These are the little-known tips, tricks and secret settings that Google Home needs to say more or less or just say what you need to hear when you hear it.
Are you saying that again, Google?
One of the best things about Google Home is that it helps you do more when you're already doing too much. When you ask a question to Google, sometimes you forget to listen, or there are background sounds, or a number of things distract you from Google's answer.
No problem – just say "Ok Google, can you repeat that slower?" The Google Assistant now repeats his answer, asking yourself aloud how old Tom Cruise is these days (by the way, 57) or just asked how many cups are 32 tablespoons (it's 2 cups). The difference is that this time Google gives a nice answer … and … slowly … so you can intercept it, no matter what else is going on.
Actually, google, can you compress them?
Only last summer Google Home confirmed every action with an oral answer. Tell him to switch off the living room lighting and he would answer "turn off lights", usually after the lights are already off. Thanks, Captain Obvious.
This was changed by an update in July, and now Google is responding to some commands, such as: For example, turning smart lights on and off with a simple glockenspiel. However, other commands, such as changing the temperature on the thermostat or unlocking a Smart Lock, still trigger an oral acknowledgment. If you want more action and less conversation on your Google homepage, there's a simple workaround: Create a routine.
1. In the Google Home app, tap on Routines and then on Manage Routines .
2. Click on the + symbol to add a routine.
3. Under If I say … tap Add commands (this is required).
4. In the field, if I say … enter the phrase you want to use as the trigger. For example, "unlock front door" or "turn on air conditioning" or, if you do not want Google to ring, "turn on living room lighting".
5. In the field, enter Google Assistant should … enter the command you want to execute. This may be the same or a similar trigger that you typed in when I say … For example, "Turn on the light" or "Unlock the front door."
6. In the top right corner, tap Save .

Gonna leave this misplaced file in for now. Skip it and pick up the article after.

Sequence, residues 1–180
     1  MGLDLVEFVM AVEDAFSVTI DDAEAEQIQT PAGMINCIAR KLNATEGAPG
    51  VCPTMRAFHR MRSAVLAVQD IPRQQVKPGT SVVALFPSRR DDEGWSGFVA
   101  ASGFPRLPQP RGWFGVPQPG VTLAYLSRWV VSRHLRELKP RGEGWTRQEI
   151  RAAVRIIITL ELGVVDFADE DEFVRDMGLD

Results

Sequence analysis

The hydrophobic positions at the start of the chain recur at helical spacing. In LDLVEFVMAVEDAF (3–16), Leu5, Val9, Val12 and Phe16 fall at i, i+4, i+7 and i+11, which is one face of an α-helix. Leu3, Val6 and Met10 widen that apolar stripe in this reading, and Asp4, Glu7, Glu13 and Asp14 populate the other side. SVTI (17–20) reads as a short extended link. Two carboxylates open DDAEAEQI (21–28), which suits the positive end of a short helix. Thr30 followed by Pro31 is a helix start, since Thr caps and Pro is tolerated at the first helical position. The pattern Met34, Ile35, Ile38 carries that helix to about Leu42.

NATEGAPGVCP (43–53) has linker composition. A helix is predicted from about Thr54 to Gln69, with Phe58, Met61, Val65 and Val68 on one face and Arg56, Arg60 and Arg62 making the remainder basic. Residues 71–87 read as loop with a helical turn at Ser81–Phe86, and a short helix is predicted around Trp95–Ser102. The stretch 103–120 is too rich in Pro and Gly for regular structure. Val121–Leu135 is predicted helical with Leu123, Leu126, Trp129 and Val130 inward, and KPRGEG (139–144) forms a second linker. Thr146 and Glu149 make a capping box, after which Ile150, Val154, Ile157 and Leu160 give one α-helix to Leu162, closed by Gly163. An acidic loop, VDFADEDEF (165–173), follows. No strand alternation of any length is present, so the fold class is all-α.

If you now say "Ok Google," and then "Turn on the light" or "unlock your front door," Google Assistant will stop the lights or open the lock, but you will not be bothered with a summary.
Say my name, Google
There are a few names on the Google homepage, like many virtual wizards, just hang up. Just ask the celebrities Saoirse Ronan, Ralph Fiennes or Beyoncé. If you also have a name that text-to-speech engines find difficult to understand, you can teach Google Assistant how to pronounce it by phonetically expressing it.
1. Open your Google Home app and go to Settings . Scroll almost down and touch More Settings .
2. At the top of the list, tap nickname .
3. Tap Spell it out to create a phonetic spelling of your name.
4. Tap Play to hear it.
5. If Google Assistant still does not say it right, change your phonetic notation until it does.
OK Google, tell everyone something
If your house is flush with Google Home devices, you can use them as a sound system.
Dinner possible? Say "OK google, send it's time for dinner" and it will make the announcement about every speaker in the house. Lose while hiding? "Ok Google, send that I give up." Did you lose your keys? "OK Google, Broadcast: Has anyone seen my keys?"
OK Google, tell me something good.
When the news of the day gets you ready, Google Home has the antidote.
"OK, google, tell me something good," asks Google Assistant to read a few feel-good messages to beautify your day.
Stories about defeating an opponent, creative solving of big and small problems, and drowning the news of corruption and scandals by the better angels.
If what you want to say is in a completely different language. Google Home can help translate it for you. If you want to tell someone outside your home, you can use Google Home to make calls. If you're still trying to testify from your offline Google startup screen, set up your Google Startup screen as follows.
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